The IBM Academic Initiative has placed a stronger focus on bringing its open standards and open source resources to community colleges. The Academic Initiative is a global membership organization available to higher education faculty members and research professionals at accredited institutions. It provides members with access to IBM software and courseware materials for teaching, learning and non-commercial research. Academic Initiative members can download full-version IBM software and courseware and remotely access hardware systems and online technical training, all at no charge. Schools then incorporate whatever suits their capabilities and desires into their computer science and/or information technology courses and programs, with the goal of enabling students to meet a demand for IT workers with IBM skills.
The Academic Initiative has been utilized primarily by four-year colleges and universities since it launched in early 2004. “We started to focus more on providing this information to community colleges about one year ago,” said Richard McKean, client executive for the initiative.
An Overwhelming Amount of Resources
Overall, the Academic Initiative is comprised of a seemingly overwhelming amount of resources for community colleges to utilize, featuring full versions of hundreds of IBM software products, system access, and tools; a relatively large courseware repository; and numerous learning guides, called “knowledge paths.” “Most people are very surprised about the amount of materials we provide, and their first reaction is ‘wow, we can get all of this for free,’” McKean explained.
McKean advises community college faculty members and department administrators to start out by integrating relatively easy-to-digest modules inside their fundamental computer science and IT courses taken from the initiative’s introductory courseware for teaching IBM skills in such areas as business intelligence, cloud computing, cybersecurity, databases, project management, IT tools, web-based applications and enterprise systems. One of these areas growing in popularity, for instance, is in cloud computing.
Pilot Program at Cedar Valley Community College
This is the kind of implementation currently happening through an interesting Academic Initiative pilot at Cedar Valley Community College, part of the Dallas County Community College System, located in Lancaster, Texas, and conveniently close to an IBM Innovation Center in Dallas.
“Cedar Valley has been looking at four areas: cloud computing; project management; databases; and AIX, which is one of our operating systems,” McKean said. “They are deploying these in two ways: in existing courses and creating a full curriculum that would go toward an IBM certification.”
“We are looking at the IBM curricula in each of those areas and abstracting from it what is applicable to our students and how it can all be aligned to the courses we are currently teaching,” said Reuben Johnson, executive dean of Business & Information Technology at Cedar Valley Community College. Johnson added that IBM was interested in building a pipeline for not only teaching students enrolled in courses about IBM products and technologies offered by the Business & Information Technology Department, but also for setting up a training and testing site at the Center at Cedar Valley, which is an economic development, training and small business development facility run by the college. One of the end goals for all of this activity is to eventually create a template in the not-too-distant future for a complete IBM-oriented curriculum that can be shared with other community colleges across the country.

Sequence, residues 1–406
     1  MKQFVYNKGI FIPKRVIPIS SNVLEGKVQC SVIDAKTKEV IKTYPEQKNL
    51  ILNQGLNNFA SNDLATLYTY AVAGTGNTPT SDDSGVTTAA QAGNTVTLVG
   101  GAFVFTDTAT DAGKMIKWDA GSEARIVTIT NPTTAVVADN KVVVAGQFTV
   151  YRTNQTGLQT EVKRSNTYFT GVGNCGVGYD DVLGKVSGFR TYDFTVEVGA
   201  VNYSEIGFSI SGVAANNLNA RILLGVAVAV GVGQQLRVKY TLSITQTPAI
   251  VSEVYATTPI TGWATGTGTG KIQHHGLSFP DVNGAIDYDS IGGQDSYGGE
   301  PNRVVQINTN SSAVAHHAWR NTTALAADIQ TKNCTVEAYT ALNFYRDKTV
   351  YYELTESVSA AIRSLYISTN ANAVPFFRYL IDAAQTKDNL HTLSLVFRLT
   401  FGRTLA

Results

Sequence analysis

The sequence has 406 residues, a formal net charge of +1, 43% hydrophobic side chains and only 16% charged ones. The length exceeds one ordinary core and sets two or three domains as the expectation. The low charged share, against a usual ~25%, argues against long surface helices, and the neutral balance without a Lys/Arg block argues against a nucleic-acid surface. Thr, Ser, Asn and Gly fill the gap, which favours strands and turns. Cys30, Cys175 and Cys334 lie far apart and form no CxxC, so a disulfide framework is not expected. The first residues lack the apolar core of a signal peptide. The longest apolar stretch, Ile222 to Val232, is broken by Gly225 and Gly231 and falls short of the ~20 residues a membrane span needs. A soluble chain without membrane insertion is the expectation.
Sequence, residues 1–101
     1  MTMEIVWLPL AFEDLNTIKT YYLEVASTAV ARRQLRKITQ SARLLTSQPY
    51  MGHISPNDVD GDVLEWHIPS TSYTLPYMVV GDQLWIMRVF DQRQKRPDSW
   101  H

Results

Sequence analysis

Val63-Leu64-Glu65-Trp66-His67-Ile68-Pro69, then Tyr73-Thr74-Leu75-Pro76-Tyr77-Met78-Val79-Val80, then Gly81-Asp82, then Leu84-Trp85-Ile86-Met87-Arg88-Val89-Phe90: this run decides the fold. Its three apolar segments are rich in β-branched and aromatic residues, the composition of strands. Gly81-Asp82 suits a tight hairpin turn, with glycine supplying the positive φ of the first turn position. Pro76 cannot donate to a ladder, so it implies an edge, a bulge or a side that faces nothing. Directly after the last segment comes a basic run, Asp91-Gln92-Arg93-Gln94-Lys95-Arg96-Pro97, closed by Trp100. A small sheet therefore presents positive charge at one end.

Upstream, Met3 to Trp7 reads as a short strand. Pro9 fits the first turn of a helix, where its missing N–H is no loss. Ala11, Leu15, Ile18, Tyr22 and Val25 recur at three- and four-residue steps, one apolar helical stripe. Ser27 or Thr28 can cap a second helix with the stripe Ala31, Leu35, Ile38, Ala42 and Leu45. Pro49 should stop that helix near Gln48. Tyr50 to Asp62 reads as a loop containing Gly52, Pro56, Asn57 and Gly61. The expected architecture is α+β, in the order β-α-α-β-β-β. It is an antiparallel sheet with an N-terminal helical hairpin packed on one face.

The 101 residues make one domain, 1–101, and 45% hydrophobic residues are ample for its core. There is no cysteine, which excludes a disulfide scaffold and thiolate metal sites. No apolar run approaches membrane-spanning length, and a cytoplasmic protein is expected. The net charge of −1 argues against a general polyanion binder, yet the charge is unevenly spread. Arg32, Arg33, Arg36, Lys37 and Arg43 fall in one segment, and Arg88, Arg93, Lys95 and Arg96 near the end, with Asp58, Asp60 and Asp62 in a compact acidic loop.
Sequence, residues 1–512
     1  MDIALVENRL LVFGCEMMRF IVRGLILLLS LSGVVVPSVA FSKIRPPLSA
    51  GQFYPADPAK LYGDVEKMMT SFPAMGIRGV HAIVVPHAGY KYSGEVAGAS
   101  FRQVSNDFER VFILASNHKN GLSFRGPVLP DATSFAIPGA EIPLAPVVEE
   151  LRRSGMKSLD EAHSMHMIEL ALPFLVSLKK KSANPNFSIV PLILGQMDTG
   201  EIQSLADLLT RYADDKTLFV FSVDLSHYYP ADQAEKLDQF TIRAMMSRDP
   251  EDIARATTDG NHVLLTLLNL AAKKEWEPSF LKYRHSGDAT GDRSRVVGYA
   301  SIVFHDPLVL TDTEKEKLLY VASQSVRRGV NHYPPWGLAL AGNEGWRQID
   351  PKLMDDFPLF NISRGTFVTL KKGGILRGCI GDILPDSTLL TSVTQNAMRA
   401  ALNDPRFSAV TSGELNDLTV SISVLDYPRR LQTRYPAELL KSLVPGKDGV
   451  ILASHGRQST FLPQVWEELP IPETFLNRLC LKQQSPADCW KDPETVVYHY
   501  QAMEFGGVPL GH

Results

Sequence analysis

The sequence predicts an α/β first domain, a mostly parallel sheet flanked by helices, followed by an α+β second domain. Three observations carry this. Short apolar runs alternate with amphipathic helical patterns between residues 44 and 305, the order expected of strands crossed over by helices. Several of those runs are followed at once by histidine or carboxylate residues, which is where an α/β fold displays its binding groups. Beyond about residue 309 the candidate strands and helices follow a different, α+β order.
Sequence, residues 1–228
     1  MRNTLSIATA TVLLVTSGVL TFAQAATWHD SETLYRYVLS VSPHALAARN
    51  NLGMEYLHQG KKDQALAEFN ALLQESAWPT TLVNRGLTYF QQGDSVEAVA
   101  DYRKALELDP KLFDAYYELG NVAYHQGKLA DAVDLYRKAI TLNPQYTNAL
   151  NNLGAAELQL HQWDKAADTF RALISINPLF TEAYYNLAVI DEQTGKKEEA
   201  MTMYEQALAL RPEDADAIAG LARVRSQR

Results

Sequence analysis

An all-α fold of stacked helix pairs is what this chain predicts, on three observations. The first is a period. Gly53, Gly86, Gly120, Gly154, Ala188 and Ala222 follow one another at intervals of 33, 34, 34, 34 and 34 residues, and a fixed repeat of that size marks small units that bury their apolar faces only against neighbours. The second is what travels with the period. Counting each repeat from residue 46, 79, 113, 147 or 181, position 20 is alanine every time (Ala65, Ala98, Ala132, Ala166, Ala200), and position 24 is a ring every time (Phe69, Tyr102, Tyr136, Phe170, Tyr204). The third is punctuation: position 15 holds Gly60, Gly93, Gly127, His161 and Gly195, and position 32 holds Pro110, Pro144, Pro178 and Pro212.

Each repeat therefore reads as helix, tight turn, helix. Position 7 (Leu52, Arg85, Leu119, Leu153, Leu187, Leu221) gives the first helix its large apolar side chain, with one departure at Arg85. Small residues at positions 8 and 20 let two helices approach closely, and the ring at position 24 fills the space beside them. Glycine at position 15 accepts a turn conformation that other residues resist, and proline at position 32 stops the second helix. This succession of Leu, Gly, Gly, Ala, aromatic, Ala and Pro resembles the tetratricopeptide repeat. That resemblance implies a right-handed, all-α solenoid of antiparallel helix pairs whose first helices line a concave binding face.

Tony Mba, adjunct faculty member at Cedar Valley, is helping to spearhead the pilot, along with other team members. He has already utilized elements from both the cloud computing and database courseware in an Introduction to Computer Science course and within a course that covers databases.
The courseware has given Mba the ability to both lecture students on the latest technologies and take them directly to an IBM website where they can work in a live, hands-on modality. “We are able to access IBM hardware and software as well as course modules,” Mba explained. “Students can dial in from our classroom or from wherever they have Internet access. Having access to IBM equipment saves the college money because we don’t have to buy new machines. That alone is a tremendous service in itself.”
Good Jobs on the Horizon
In the meantime, McKean pointed to data from Indeed.com that he uses in presentations to community college educators (see http://ibmjobskills.com) to show the kind of jobs and annual salaries, ranging from $95,000 to $105,000 in a wide variety of areas, that are available to workers who have strong IBM skills. He added that there are three primary reasons why the Academic Initiative is good for both IBM and, in general, the American workforce: 1) Companies that run IBM software and products need to be assured that qualified people will be around to fill needed positions. 2) There is a skills gap for these jobs that results in companies hiring workers offshore, so “it makes sense for everyone if we could educate our workforce here in the U.S. to fill those jobs.” 3) If students are exposed to IBM software in the college environment, when they get out of college and become a decision-maker, they are going to base their buying decisions on what they know.